Application into physio rehabilitation:
Using these principles described above allows us to progress a patient through a broader rehab process even if they do not have periodization in their training. The late stages of any rehab process are a more functional focused phase. In this phase, there is a lot of exercise based training and movement retraining that needs to be done, but it is here where I feel we as physiotherapists are becoming ‘slack’ (for a lack of a better word). Different phases of a periodization program will require certain athletic capabilities, and it is our responsibility to ensure that the patient is ready for this type of loading in training before returning to their sport. A good understanding of metabolic, neurological, motor and physiological requirement for the patient’s return to their sport should drive our progression of rehabilitation in all our patients. Generally (and there are various models out there that use different training strategies), a rehab progression should follow the linear progression model of exercise training…
stability and activation – strength endurance – maximum strength – power – maintenance
Understanding where in this progression the patient should be from a fitness perspective will align the rehab goals better. For example, if in a maximum strength phase, we would need to ensure that the we incorporate a lot of strength based work at the right dosages. Or for a power phase, our rehab would need to ensure that the tissue that was injured has been adapted to handle the eccentric, high velocity, and quick turnover rate of forces associated with training in these phases. We should also always look for ways (as far as possible) to incorporate exercises that can maintain the patient within the desired mesocycle/microcycle phase of their training, such as alternative forms of cardiovascular and/or strength training.
Loading is a word widely used in modern day sports medicine, and for good reason. Load is simply a progressive management program of the stress applied to tissue, aimed to rehabilitate a patient from injury to return to play (RTP). Load management should be progressive, sports specific, and aimed at restoring function and preventing injury. Loading tissue refers to the specific stress from the rehabilitation exercises such as increasing reps or adding weight or changing the speed of movement. It also refers to functional loading activities, such as progressive running programs. These principles don’t only apply to sports. For example, the rehabilitation for a manual laborer with back pain should not stop at some basic ‘core’ exercises in the physio room, but rather move into more complex movement and exercise for health and well-being. As the old mantra goes, prevention is better than cure.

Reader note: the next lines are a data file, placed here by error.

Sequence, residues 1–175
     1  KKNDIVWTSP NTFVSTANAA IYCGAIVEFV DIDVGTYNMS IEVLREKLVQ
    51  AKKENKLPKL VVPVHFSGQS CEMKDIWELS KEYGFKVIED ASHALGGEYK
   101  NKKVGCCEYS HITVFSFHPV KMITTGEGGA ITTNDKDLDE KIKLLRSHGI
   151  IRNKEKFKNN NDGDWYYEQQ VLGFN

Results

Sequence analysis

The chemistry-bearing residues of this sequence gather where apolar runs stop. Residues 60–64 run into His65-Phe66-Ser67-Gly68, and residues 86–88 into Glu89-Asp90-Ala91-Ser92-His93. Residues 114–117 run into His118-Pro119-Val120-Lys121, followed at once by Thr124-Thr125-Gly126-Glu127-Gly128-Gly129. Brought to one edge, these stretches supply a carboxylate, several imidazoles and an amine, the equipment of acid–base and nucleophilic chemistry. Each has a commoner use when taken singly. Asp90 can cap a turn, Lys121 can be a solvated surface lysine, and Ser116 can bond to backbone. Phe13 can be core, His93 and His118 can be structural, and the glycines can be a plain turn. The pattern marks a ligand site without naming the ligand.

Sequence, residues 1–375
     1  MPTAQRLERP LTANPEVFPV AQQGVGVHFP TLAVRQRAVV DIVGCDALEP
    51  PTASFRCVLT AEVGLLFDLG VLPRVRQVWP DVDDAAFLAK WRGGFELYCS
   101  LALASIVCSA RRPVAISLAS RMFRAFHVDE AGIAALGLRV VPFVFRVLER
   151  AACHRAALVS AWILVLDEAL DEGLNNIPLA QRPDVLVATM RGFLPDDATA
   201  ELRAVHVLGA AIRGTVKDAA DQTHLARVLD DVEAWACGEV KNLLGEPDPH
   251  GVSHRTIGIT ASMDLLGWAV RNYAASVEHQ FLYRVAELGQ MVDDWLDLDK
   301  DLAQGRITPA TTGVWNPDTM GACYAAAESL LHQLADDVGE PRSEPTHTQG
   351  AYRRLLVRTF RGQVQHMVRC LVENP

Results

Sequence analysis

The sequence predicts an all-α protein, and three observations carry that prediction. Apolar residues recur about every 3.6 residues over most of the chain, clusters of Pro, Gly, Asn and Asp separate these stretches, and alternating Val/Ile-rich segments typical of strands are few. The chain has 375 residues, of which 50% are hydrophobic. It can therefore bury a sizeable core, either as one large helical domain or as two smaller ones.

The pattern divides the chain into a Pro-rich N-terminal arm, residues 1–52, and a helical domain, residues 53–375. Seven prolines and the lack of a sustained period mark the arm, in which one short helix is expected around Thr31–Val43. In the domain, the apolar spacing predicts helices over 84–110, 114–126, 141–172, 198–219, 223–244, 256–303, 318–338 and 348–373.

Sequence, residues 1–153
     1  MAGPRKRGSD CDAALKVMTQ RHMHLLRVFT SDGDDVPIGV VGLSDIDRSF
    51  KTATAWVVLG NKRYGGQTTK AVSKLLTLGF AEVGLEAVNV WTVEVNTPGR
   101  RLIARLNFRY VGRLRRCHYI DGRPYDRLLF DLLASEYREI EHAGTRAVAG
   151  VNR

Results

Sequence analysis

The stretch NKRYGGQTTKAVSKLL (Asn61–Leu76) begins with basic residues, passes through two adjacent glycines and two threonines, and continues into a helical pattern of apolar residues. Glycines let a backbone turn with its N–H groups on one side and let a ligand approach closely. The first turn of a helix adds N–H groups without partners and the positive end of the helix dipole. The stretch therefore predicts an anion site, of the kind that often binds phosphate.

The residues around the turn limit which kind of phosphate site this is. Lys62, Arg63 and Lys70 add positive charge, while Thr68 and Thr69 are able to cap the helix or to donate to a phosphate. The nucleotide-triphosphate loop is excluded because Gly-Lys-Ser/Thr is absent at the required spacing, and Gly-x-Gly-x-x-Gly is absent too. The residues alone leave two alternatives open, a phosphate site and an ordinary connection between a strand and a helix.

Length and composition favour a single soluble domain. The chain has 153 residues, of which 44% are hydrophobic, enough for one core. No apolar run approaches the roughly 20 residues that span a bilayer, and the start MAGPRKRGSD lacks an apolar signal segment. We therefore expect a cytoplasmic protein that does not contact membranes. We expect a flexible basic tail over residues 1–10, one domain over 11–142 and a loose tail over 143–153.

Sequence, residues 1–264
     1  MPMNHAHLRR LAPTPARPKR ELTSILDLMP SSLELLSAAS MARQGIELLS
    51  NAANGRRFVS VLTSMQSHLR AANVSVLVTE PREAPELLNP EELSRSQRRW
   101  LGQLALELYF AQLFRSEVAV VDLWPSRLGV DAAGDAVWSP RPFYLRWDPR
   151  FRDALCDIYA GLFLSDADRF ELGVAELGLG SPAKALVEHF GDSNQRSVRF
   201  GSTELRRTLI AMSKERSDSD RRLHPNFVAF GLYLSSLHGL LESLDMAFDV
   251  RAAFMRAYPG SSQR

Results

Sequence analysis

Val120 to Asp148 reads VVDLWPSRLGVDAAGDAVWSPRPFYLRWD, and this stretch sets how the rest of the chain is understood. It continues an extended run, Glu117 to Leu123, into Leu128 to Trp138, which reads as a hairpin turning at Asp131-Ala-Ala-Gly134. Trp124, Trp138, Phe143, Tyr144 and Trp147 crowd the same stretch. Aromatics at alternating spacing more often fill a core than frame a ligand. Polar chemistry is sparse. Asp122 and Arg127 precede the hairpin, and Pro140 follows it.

The take home message is that injury management is moving towards a more outcome based method. I strongly believe that we as physiotherapist are adequately equipped to dive into the deep-end of rehabilitation and RTP functional training with our patients to achieve these desired outcomes. It is merely a matter of taking the time to think outside the box and move beyond the four corners of the physio cubicle. I do believe that we serve our patients as part of a bigger system along with other health professionals, but we should not limit ourselves to bed work because of this. We should rather integrate our methods and beliefs into other methods for the total benefit of recovery from an injury. We need to think about rehab as more than just a set of exercise; but rather as an opportunity for the body to learn and adapt to new challenges. Just as we learnt to read and write at a young age, so we should learn to move after injury. This change in mindset will change your view of how you prescribe your ‘home exercises’ tremendously.
Some practical tips for muscling-up the rehab process:
- Prescribe home exercises with the goal of learning and adapting to tissue stress.
- To learn new movement patterns, the body systems need to be challenged with just the right amount of stimulus and feedback to see adaption.
- Think about injury recovery from a load management perspective.
- Remember [load= volume x intensity]. Adapt both variables for proper load management.
- Consider the patients requirements for their sport and training phase of periodization they should be in.
- Commit to the cause- meet your patients at the fields and go through those running programs you prescribe.
- Don’t be scared to prescribe ‘gym based’ exercises…it’s part of the bigger picture for RTP
- Use standardised outcome measures to monitor progress.